• e-books present a huge opportunity for a class of vendors (namely educational publishers, who have been largely confused about how to tap the deluge of dollars/pounds/Euros etc. that has accompanied the mass infusion of computers in schools) to market and sell their products to education systems in new ways. - michael.trucano michael.trucano Feb 8, 2010
  • There is an amazing opportunity now to help shape what a rich media ebook really looks like. How is media viewed, augmented, distributed and used in collaborative learning environments. eBooks need to be transformative not just an evolution of the current technology. With touch screens and mobile devices there is a true opportunity to really engage learners with learning materials appropriate for this generation of learners. - don.henderson don.henderson Feb 22, 2010

(2) What themes are missing from the above description that you think are important?

  • I think it is time we consider a name change to the term 'book', as it is not just a means of knowledge transfer/distribution/sharing, unless we change the definition of 'book' :). What it is is an interactive platform for a variety of learning purposes, and with web 2.0, and soon web 3.0 tools built onto this platform, it may not be meaningful to think in terms of 'book'. More importantly, perhaps, is the need for educators to figure out how to use this platform in pedagogically sound ways for teaching and learning. - horncheah horncheah Feb 5, 2010
  • Instead of thinking about ebooks within the narrow framework of a textbook or even a book, we should think about them as a library of information. The first book printed by Gutenberg mimicked the style and design of the illuminated Bibles of his day. During the in canabula period of printing, there was tremendous innovation in design and functionality of printed texts that resulted in many of the standards and even the type design of books we use today. Ebook technology has the potential of ushering in a new period of massive change in the way that knowledge is recorded, organized, and accessed. ~Karen Henke
  • This theme will become larger and larger. It will allow districts to purchase personalized materials aligned to the standards of the district, and more and better links for extensions and more practice for students, teachers and parent.- dan.phelan dan.phelan Feb 7, 2010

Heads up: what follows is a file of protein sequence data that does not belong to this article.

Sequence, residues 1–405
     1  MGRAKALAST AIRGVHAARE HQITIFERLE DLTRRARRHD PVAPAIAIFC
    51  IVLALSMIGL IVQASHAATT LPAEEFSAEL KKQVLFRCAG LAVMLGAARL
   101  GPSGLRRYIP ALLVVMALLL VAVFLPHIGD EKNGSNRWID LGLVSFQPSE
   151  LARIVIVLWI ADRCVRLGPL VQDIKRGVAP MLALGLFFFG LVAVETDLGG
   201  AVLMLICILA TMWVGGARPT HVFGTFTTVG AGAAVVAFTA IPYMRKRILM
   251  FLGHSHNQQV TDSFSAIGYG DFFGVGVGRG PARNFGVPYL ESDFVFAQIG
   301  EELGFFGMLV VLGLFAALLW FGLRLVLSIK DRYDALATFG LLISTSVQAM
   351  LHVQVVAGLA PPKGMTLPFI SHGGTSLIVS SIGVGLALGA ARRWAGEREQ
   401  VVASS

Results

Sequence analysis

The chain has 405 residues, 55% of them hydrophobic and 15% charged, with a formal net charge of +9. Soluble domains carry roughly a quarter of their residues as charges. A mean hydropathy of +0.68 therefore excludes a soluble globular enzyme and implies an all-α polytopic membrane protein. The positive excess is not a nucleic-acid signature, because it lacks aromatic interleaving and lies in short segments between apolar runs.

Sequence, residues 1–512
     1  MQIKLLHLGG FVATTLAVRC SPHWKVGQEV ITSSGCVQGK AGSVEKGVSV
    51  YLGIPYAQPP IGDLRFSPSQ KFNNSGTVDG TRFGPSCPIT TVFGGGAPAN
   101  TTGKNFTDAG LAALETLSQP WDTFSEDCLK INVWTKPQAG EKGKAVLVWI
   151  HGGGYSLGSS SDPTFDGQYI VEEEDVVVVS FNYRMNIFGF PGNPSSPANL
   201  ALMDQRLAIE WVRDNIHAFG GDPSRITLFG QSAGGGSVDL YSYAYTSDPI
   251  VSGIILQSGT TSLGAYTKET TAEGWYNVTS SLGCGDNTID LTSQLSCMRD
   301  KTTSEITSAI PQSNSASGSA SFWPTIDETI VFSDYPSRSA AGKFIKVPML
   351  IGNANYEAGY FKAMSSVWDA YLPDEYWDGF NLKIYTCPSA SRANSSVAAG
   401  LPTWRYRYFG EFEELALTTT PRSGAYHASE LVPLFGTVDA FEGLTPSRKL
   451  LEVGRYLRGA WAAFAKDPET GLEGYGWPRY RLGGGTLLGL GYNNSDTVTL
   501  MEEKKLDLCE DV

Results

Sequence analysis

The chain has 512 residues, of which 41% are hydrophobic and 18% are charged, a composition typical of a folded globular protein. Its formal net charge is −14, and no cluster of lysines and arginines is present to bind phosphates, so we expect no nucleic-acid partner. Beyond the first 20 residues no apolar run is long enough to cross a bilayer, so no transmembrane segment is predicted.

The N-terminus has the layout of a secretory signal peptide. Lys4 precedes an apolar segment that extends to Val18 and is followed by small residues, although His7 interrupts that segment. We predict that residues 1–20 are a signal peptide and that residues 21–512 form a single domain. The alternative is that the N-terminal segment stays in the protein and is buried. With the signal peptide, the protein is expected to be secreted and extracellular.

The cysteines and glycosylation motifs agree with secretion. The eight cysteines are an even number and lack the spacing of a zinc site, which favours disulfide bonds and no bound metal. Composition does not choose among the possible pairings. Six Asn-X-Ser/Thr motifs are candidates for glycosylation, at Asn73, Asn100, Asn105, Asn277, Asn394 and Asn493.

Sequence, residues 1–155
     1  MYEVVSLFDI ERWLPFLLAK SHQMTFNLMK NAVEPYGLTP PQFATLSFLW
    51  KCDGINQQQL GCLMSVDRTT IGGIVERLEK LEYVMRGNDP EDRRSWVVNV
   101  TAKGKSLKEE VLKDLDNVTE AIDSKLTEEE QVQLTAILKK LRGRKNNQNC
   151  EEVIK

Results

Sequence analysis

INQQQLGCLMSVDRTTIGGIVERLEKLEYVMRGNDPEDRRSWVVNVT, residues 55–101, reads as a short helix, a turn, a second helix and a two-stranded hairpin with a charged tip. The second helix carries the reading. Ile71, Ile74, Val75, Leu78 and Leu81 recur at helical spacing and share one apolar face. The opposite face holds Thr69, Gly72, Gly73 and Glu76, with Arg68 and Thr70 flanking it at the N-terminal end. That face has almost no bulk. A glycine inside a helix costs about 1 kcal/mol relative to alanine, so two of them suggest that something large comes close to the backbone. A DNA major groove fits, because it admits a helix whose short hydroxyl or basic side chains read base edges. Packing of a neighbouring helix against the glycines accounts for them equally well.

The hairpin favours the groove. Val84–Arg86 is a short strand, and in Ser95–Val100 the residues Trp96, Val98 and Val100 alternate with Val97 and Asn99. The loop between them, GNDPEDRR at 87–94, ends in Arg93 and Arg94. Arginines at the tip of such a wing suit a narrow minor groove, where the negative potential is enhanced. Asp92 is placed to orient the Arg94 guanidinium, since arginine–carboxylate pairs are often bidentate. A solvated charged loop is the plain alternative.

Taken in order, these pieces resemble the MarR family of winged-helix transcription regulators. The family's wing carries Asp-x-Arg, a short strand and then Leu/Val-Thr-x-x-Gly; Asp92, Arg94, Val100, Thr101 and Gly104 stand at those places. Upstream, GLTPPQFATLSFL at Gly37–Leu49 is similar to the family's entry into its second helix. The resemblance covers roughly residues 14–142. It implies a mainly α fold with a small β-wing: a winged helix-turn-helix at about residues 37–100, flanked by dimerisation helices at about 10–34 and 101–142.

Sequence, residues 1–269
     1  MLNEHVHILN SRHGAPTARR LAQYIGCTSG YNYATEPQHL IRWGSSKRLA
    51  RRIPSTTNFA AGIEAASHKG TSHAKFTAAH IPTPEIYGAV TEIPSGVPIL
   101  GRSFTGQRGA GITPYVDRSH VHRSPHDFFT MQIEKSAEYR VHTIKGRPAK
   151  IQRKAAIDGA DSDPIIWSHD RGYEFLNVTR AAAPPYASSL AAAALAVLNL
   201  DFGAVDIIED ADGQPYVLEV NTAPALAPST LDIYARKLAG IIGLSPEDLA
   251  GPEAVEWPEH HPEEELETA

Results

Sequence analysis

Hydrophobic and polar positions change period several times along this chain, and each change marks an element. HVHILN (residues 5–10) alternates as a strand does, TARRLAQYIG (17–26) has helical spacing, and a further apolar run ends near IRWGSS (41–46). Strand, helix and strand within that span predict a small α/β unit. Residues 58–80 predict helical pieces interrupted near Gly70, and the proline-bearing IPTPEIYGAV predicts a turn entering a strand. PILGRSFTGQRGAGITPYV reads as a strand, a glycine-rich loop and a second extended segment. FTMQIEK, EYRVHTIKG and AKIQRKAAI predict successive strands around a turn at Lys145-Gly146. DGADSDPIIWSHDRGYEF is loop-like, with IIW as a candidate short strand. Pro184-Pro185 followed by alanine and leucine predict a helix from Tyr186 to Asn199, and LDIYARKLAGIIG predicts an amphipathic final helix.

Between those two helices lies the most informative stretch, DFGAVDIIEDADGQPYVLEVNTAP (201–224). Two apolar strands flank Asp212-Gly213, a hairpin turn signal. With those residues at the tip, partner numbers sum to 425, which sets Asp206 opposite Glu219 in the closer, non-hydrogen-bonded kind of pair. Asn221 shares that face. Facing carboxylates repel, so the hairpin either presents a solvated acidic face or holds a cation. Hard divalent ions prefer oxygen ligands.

• This changes the game for who should provide content and how we go about the whole adoption process. - alice.owen alice.owen Feb 7, 2010
  • Here as in other areas we as educators need to address the issue of open standards in order to avoid lock-in and monopoly. Learners must be able to access e-books without being locked to a specific product such as Kindle or Ipad.- oystein.johannessen oystein.johannessen Feb 7, 2010
  • I believe the "ebook" format will be (will continue to be) very fast changing as users in different segments (trade press, HE, K12 elementary and K12 secondary) require differnt features and functionaility. For example, young elementary students (and preK) will respond extremely well to touch technologies which may become prevalent in som devices designed for this age group while older students will seek the interactive note taking and/or lecture capture features of some "ebooks". Many ebooks are already capable of providing high levels of interactivity and rich multi-media. So I agree with those who feel the "book" part of the name of this technology is a misnomer. I think ultimately the technology is about connecting a reader with content in a much much deeper, more individually varied way, so that no two reader's experiences are the same. If I had to call the category something I would call it "ibooks" or "icontent" or "istories" or "iformat" where "i" is for individual. - chris.brown chris.brown Feb 8, 2010

(3) What do you see as the potential impact of this technology on teaching, learning, or creative expression?

  • the impact will be on textbooks being replaced, and students beginning to see digitized text as very different from the standard linear text. Hypertext will allow different points for choice for the reader to deepen understanding.- rob.ackerman rob.ackerman Feb 5, 2010
  • Just as the printing press created a new class of authors and consumers of books, ebooks have the potential of creating a new class of creators of content. Self-publishing, sharing, mashing up content, and publishing original student and teacher work may be possible. Because this will change the economics of publishing, it will change the location of creative control. eBooks may also revive the art of the short story. Publishing and distributing short stories in the current model of print publishing is costly. Being able to access and read short stories in an ebook format may make them a better fit for the new paradigm of publishing. user/Karen Henke - alice.owen alice.owen Feb 7, 2010